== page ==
- The Ghanaian government reacts to a Bloomberg report that it couldn’t sell 20-year bonds yielding above 20% to investors.
- The Ministry of Finance revealed that the nature of the issue did not require that the full amount of GH¢450 million be raised once.
- The move was rather to help deepen the domestic market and improve liquidity through the issuance of benchmark size bonds.
Government of Ghana reacts to reports that it could not sell 20-year bonds yielding above 20% to investors
The government of Ghana has reacted to reports that it was able to sell only $30 million (GH¢162.1 million) out of the $83 million (GH¢450 million) target of 20-year bonds to investors.
The government said although the amount received in bids was less than the targeted amount, the nature of the issue did not require that the full amount of GH¢450 million be raised once.
The revelation was made in a press statement issued by the Public Affairs Department of the Ministry of Finance on Wednesday, August 28, 2019.
As a result, it said “contrary to the articles published, this was not a failed or under-subscribed offering but a fairly priced offering that has established another data point along our yield curve.”
The statement further noted that prior to the issuance, “we were aware that given the current market conditions and the limited appetite for longer-dated bonds, the size of the debut issue was unlikely to be of a benchmark size, and that was the reason it was structured as a shelf offering so additional issuances could be done over time to reach the targeted GH¢450 million benchmark level.”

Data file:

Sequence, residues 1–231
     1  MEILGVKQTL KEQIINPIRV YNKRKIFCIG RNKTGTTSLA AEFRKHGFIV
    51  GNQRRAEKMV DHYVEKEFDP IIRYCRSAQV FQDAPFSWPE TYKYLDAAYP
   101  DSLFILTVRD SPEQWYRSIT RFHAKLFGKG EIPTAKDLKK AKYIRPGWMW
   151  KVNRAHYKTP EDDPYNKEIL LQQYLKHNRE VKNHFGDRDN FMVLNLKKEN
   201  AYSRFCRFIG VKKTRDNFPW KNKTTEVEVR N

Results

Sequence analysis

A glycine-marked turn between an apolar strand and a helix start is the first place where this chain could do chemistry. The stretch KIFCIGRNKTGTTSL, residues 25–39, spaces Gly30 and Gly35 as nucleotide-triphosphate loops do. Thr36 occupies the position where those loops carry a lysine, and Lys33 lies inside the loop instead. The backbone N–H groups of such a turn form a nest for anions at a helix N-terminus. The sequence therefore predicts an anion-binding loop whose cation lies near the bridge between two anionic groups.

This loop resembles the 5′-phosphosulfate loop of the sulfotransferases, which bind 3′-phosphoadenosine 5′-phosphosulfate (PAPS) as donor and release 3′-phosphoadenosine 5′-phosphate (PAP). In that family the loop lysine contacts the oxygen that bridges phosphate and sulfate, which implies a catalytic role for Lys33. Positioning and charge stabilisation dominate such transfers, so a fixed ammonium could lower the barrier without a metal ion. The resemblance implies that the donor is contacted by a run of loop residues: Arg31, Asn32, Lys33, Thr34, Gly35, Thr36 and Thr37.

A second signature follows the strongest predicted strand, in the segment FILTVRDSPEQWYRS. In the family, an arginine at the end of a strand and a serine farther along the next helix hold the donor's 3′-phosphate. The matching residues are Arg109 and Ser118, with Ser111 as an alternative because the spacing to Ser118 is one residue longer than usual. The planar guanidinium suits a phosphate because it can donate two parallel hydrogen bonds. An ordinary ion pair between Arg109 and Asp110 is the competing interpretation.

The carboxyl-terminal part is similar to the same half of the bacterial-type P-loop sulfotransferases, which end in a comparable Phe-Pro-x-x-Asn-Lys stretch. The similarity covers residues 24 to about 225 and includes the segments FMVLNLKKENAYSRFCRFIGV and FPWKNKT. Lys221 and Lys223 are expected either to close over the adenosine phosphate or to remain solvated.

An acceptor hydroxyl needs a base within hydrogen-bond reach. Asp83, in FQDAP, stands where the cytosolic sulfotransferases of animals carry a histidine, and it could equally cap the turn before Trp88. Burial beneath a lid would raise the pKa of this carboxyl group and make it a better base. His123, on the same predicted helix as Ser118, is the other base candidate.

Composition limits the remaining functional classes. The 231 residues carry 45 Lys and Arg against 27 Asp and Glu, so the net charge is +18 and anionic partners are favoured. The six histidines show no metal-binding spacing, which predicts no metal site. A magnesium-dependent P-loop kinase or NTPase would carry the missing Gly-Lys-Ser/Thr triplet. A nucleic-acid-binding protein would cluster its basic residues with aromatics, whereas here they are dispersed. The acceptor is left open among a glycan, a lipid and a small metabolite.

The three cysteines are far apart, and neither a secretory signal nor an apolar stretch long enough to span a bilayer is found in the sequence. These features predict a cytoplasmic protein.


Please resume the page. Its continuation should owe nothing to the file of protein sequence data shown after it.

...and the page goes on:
The ministry said the government set out primarily to elongate the country’s debt tenor and yield curve by issuing a 20-year bond for the first time in the country’s history.
This, according to the ministry was to help deepen the domestic market and improve liquidity through the issuance of benchmark size bonds that will be sizeable enough for investors to trade in and out.
Adding that the trade in and out would then create liquidity, better price discovery or pricing and deepen the secondary market.
A Bloomberg report recently noted that Ghana was able to sell only $30 million (GH¢162.1 million) out of the $83 million (GH¢450 million) target of 20-year bonds to investors.
According to the report, investors refused to take the offer due to the country’s currency risk.
It said, “The duration is too long for the level of investor confidence in the economy, Anthony Asare, the Accra-based head of treasury at GCB Bank Ltd., the nation’s biggest lender and a primary dealer in government debt. “People are not very certain over that length of time.”
Adding that “The yield pickup is not sufficient to compensate for the risk, Mark Bohlund, an Africa economist at Bloomberg Economics, said in an emailed response to Bloomberg questions. If you’re a foreign investor then you not only care about the yield on the bond but also at what exchange rate you can repatriate your money.”
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